In the middle of the third chapter, he moves on to speak about love. John speaks of God as a parent, of the love of Jesus Christ and the nurturing of the Holy Spirit. Many of us have a point of reference, in the love we have experienced at the hand of our own families. However, John’s point of reference was not his own mom or dad, but the love he had experienced at the hand of Jesus and among the community of the disciples.

Some scholars believe John’s letter to be the authentic writings of John, described as ‘the disciple Jesus loved.’ (John 13:23, 19:26 & 21:7). According to tradition, John ‘the elder’ was the only disciple whose life did not end in early martyrdom, but he lived to a ripe old age and exercised leadership in the earliest church.

1 John speaks of the love of Jesus as though it were firsthand experience. Jesus had washed his feet. He had heard Jesus teaching, “I am the Good Shepherd who lays down His life for the sheep.” He had stood at the cross with the mother of Jesus and heard Him pray, “Father Forgive them, they don’t know what they are doing.”  John was the one who, in His dying moments, Jesus asked to take care of His mother and John took Mary, the mother of Jesus, to his home and cared for her. (John 19:26-27)

John knew what sort of love surrounded the life of Jesus. From out of that rich experience the author of John tells us, 1 John 3:16, “This is what love is, that Jesus laid down His life for us.

When I hear those words, I think of my own parents, who during the war years, were literally prepared to lay down their lives, who went without so much that we may have an abundance, whose love was not often expressed through a gush of words but was rather a reality we experienced through daily actions.

But hold on - ‘laying down His life’, that is only half the verse. We who have been loved have an obligation laid upon us.  We who have been touched and nurtured and raised by those who loved us, we whom Jesus Christ calls God’s children and who claim allegiance to the church of God have a responsibility.  

The verse continues “….and we ought to lay down our lives for each other.” In particular those with material and spiritual needs.  As verse 17 lays out before us: “If anyone has material possessions and sees a brother or sister in need but has no pity on them, how can the love of God be in that person?

C.S. Lewis comments, “It is easier to be enthusiastic about Humanity with a capital ‘H’ than it is to love individual men and women, especially those who are uninteresting, exasperating, depraved or otherwise unattractive. Loving everybody in general may be an excuse for loving nobody in particular.”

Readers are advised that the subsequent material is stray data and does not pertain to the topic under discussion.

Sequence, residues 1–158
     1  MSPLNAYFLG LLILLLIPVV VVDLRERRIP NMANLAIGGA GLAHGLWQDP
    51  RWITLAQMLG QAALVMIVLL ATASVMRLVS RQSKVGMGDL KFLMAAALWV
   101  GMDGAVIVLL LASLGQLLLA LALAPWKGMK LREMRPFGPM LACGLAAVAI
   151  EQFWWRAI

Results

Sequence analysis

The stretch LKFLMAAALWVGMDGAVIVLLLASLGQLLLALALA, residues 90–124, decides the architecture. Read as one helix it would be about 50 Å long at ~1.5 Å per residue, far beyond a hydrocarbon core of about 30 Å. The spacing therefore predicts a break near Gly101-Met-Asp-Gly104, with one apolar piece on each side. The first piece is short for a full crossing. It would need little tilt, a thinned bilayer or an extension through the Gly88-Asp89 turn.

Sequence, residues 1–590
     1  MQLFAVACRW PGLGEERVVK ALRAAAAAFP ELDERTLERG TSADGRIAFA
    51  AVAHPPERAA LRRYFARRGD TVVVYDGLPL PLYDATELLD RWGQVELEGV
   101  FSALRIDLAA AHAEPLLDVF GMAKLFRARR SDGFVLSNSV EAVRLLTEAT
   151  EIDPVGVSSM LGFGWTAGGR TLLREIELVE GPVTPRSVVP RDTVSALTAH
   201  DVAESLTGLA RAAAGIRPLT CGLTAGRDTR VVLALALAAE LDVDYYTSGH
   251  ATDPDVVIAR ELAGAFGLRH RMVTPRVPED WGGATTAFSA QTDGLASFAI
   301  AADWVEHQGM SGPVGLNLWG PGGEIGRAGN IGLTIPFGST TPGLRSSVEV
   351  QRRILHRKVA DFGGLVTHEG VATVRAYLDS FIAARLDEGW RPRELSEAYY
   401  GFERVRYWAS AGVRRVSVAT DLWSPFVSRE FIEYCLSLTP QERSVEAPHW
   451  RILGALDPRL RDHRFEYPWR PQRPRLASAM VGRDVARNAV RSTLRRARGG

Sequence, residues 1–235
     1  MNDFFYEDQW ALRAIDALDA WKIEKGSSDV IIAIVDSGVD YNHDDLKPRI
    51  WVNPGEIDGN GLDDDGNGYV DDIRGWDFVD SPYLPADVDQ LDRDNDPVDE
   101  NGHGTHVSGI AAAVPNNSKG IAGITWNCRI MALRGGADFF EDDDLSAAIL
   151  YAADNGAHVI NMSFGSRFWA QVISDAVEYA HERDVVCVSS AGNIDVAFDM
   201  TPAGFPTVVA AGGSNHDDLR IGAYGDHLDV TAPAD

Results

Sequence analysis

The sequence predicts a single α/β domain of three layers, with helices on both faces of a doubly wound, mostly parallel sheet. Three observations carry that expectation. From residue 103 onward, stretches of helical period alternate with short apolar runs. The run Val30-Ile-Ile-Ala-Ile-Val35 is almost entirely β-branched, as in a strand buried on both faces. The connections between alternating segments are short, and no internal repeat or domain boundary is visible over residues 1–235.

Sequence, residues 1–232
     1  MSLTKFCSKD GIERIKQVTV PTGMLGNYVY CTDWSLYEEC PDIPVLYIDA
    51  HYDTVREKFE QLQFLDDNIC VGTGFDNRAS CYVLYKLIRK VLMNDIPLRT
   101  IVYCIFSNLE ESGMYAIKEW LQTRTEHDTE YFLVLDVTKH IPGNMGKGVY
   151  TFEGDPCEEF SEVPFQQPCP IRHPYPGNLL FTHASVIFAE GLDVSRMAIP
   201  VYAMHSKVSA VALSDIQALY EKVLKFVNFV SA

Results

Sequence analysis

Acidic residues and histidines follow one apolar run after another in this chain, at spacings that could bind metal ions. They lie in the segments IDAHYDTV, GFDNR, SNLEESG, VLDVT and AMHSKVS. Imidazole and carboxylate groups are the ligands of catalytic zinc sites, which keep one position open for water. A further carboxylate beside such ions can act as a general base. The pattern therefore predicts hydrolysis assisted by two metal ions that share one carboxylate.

“Love everybody, Love Life, Love the world.”  It sounds good. Admirable even.  1 John insists that love is not expressed through verbalizing high-sounding ideals, but through actions that benefit people other than our selves.  Again, this is a lesson that many of us first learned in our home environments. Part of our capacity to love others comes from having first been loved ourselves.

Sadly, not everybody is as fortunate as many of us have been.  Some grow up in homes where love is at a premium.  Some have parents unable to care for them. Some suffer abuse and neglect.  Some have parents unwilling to commit themselves to anything but self-interest. But we should never rule out the possibility of love.

Which brings me to Brigadoon.Where? Brigadoon.  Brigadoon is a musical that for many years ran on Broadway. The story is about 2 men from New York, Tommy Allbright and Jeff Douglas, who are on a hunting trip in Scotland when they stumble across a village called Brigadoon in a valley that is not even marked on the map.

It turns out that Brigadoon is a magical village that only appears out of the mist every 100 years, and whose existence will be destroyed should any of the villagers ever leave it.  There is much romance and talk of folk being married to other folk whilst all the time they are wishing they could be married to somebody else. Into this smushy mix comes Tommy Albright who is supposed to be marrying his fiancĂ© Jean in New York, but falls in love with a Brigadoon lassie by the name of Fiona.

In the First Act of the musical, Tommy asks the wise local schoolteacher, Mr Lundie, if an outsider could be permitted to stay in Brigadoon. Mr. Lundie replies, "A stranger can stay if he loves someone here – loves them enough to want to give up everythin' an' stay with that one person. Which is how it should be. 'Cause after all, laddie, if ye love someone deeply… anythin' is possible."